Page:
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JAK1/JAK2 inhibition by baricitinib in diabetic kidney disease: results from a Phase 2 randomized controlled clinical trial.

  • Tuttle, Katherine R1, 2, 3
  • Brosius, Frank C 3rd4, 5
  • Adler, Sharon G6
  • Kretzler, Matthias4
  • Mehta, Ravindra L7
  • Tumlin, James A8
  • Tanaka, Yoshiya9
  • Haneda, Masakazu10
  • Liu, Jiajun11
  • Silk, Maria E11
  • Cardillo, Tracy E11
  • Duffin, Kevin L11
  • Haas, Joseph V11
  • Macias, William L11
  • Nunes, Fabio P11
  • Janes, Jonathan M11
  • 1 Providence Health Care, Spokane, WA, USA.
  • 2 The Kidney Research Institute, Division of Nephrology, University of Washington School of Medicine, Seattle, WA, USA.
  • 3 The Institute of Translational Health Sciences, University of Washington School of Medicine, Seattle, WA, USA.
  • 4 Department of Internal Medicine, University of Michigan Medical School, Ann Arbor, MI, USA.
  • 5 Department of Internal Medicine, University of Arizona College of Medicine, Tucson, AZ, USA.
  • 6 Division of Nephrology and Hypertension, Los Angeles Biomedical Research Institute at Harbor-UCLA Medical Center, Torrance, CA, USA.
  • 7 Division of Nephrology, University of California, San Diego, CA, USA.
  • 8 University of Tennessee College of Medicine, Chattanooga, TN, USA.
  • 9 The First Department of Internal Medicine, School of Medicine, University of Occupational and Environmental Health, Kitakyushu, Japan. , (Japan)
  • 10 Department of Medicine, Asahikawa Medical University, Asahikawa, Hokkaido, Japan. , (Japan)
  • 11 Eli Lilly and Company, Indianapolis, IN, USA. , (India)
Published Article
Nephrology Dialysis Transplantation
Oxford University Press
Publication Date
Nov 01, 2018
DOI: 10.1093/ndt/gfx377
PMID: 29481660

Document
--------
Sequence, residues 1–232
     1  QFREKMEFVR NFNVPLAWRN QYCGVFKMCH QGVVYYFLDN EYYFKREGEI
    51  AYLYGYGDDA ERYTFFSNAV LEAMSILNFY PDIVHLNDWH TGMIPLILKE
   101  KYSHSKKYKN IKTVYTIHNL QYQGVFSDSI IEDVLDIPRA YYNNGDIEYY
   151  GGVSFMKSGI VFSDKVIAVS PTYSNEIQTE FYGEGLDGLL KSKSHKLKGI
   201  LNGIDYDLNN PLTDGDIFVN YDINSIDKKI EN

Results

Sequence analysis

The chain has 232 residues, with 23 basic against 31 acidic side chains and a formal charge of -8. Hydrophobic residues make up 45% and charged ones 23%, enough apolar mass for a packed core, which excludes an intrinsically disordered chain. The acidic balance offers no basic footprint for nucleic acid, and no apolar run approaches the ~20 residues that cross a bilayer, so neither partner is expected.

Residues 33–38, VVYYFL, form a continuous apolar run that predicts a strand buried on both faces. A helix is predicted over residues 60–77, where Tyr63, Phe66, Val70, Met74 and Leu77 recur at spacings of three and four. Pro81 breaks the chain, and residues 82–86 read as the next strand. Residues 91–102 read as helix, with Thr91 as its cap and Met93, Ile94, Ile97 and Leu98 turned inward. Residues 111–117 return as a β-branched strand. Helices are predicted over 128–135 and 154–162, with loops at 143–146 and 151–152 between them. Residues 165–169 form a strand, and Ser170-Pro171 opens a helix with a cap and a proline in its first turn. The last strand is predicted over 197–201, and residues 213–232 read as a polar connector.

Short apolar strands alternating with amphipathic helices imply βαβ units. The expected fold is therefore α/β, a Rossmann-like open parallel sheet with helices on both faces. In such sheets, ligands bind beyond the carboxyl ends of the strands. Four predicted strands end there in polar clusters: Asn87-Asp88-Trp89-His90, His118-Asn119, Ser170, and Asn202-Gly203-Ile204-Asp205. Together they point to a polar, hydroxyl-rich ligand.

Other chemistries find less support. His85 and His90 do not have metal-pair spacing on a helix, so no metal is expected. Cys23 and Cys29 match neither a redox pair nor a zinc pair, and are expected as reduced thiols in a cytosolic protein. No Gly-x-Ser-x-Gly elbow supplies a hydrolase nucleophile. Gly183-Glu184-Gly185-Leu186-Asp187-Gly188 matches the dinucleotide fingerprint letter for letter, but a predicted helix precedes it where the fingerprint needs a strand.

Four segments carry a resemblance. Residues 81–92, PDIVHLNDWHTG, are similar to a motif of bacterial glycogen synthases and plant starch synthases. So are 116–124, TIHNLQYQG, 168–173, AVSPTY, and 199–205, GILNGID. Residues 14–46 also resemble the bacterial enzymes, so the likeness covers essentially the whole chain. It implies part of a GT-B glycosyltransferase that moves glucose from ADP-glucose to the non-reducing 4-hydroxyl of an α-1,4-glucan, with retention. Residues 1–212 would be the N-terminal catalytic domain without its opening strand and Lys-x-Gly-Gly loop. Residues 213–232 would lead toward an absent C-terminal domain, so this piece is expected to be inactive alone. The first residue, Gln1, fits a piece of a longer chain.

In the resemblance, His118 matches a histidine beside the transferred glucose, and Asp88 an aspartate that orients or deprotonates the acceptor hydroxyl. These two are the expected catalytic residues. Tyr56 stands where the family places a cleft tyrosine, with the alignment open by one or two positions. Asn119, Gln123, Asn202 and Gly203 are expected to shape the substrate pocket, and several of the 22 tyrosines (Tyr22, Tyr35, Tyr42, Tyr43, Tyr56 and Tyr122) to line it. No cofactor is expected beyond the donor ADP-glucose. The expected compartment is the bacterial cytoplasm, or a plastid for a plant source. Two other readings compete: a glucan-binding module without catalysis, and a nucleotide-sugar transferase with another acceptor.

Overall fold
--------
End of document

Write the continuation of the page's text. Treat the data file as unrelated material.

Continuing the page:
Inflammation signaled by Janus kinases (JAKs) promotes progression of diabetic kidney disease (DKD). Baricitinib is an oral, reversible, selective inhibitor of JAK1 and JAK2. This study tested the efficacy of baricitinib versus placebo on albuminuria in adults with Type 2 diabetes at high risk for progressive DKD. In this Phase 2, double-blind, dose-ranging study, participants were randomized 1:1:1:1:1 to receive placebo or baricitinib (0.75 mg daily; 0.75 mg twice daily; 1.5 mg daily; or 4 mg daily), for 24 weeks followed by 4-8 weeks of washout. Participants (N = 129) were 63±9.1 (mean±standard deviation) years of age, 27.1% (35/129) women and 11.6% (15/129) African-American race. Baseline hemoglobin A1c (HbA1c) was 7.3±1% and estimated glomerular filtration rate was 45.0±12.1 mL/min/1.73 m2 with first morning urine albumin-creatinine ratio (UACR) of 820 (407-1632) (median; interquartile range) mg/g. Baricitinib, 4 mg daily, decreased morning UACR by 41% at Week 24 compared with placebo (ratio to baseline 0.59, 95% confidence interval 0.38-0.93, P = 0.022). UACR was decreased at Weeks 12 and 24 and after 4-8 weeks of washout. Baricitinib 4 mg decreased inflammatory biomarkers over 24 weeks (urine C-X-C motif chemokine 10 and urine C-C motif ligand 2, plasma soluble tumor necrosis factor receptors 1 and 2, intercellular adhesion molecule 1 and serum amyloid A). The only adverse event rate that differed between groups was anemia at 32.0% (8/25) for baricitinib 4 mg daily versus 3.7% (1/27) for placebo. Baricitinib decreased albuminuria in participants with Type 2 diabetes and DKD. Further research is required to determine if baricitinib reduces DKD progression.

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